The Spiritual Discipline of
Silence, Stillness & Solitude
- Solitude: The practice of being absent from other people and things to be attentive to God.
- Silence: The practice of quieting every inner and outer voice to be attentive to God.
- Stillness: The practice of letting go of our grip on life to relax in God.
Scripture on Stillness and Silence
- "Be still, and know that I am God." Psalm 46:10
- "Be still before the Lord and wait patiently for him." Psalm 37:7
- Moses answered, “Do not be afraid… The Egyptians you see today you will never see again. The Lord will fight for you; you need only to be still." Exodus. 14:13-14
- "When you are on your beds, search your hearts and be silent." Psalms 4:4-5
- "Be silent before the Sovereign Lord, for the day of the Lord is near." Zephaniah 1:7
Guidelines for Silence and Stillness
By Pete Scazzero, from his blog entry: Silence - The Oxygen of a Christian Leadership
Silence forces us to face our “inner monsters,” confronting us with our addiction to being in control, and bringing us face to face with demonic powers and principalities. Why? They rage to prevent us from the deep knowing of God that comes out of being still before Him, or relaxing as one OT scholar translates it (Ps. 46:10). Few spiritual practices are more transformative and important.
Set your timer each day for 5 to 10 minutes over the next week. And consider the following guidelines...
- Sit down, close your eyes, and take a few deep breaths to help you settle into silence.
- Choose a very simple prayer to express your openness and desire for God. (e.g. Abba, Father, Jesus, Holy Spirit, Here I am, Come Lord Jesus, Lord Jesus have mercy on me)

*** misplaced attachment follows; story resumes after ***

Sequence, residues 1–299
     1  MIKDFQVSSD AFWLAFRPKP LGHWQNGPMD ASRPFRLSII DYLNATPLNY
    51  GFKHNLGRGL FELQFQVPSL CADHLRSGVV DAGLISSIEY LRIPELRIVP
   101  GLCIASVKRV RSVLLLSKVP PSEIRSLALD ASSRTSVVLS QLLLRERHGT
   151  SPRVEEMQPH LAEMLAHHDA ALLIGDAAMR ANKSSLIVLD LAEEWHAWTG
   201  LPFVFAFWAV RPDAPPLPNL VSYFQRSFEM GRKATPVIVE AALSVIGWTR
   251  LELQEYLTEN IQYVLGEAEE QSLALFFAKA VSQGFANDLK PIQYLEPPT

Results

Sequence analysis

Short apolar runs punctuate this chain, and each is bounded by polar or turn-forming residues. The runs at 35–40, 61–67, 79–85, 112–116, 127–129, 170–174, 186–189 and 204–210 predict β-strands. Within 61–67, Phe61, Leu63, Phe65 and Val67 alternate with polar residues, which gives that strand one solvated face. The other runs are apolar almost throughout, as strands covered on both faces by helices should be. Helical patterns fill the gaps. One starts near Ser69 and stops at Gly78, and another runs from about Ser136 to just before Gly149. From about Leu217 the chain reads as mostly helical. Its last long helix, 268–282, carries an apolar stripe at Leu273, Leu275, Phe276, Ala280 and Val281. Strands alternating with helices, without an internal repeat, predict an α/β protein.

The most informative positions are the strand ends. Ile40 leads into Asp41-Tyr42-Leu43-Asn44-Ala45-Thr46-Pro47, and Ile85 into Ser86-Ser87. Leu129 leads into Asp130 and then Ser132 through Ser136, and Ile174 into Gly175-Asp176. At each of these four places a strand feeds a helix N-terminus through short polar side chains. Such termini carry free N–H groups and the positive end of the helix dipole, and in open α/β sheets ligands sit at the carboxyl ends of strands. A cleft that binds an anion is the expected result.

- Offer this prayer to Jesus, allowing His will full access in your life.
- When you become distracted, offer again your simple prayer back to God.
The Benefits and Blessings of Silence
By Pete Scazzero from his blog entry: Lose Life to Find It
Maggie Ross, in her Silence: A User’s Guide – Volume 1: Process, argues that the tradition of silence was handed down unbroken from the time of Jesus to the high Middle Ages when it was suppressed by the institutional church. She also offers a picture of the unimaginable richness that awaits us when we live from the wellspring of silence:
- We shift away from the artificiality of the surrounding culture toward the beauty of beholding Him.
- We learn discretion, the ability to wait and see what unfolds, more trusting of the love of God.
- We realize how foolish our ideas are of how the world works or should work, letting go more easily of judgments, anger and greed.
- We become increasingly free from our investment in self-image preservation.
- We become more compassionate to others.
- We develop a taste for being still, especially in the presence of beauty.
- We influence others for good out of the changes God is doing in and through us.
- We get in touch with reality as we suddenly rediscover a pair of glasses that had been on the table in front of us all the time but had been continually overlooked.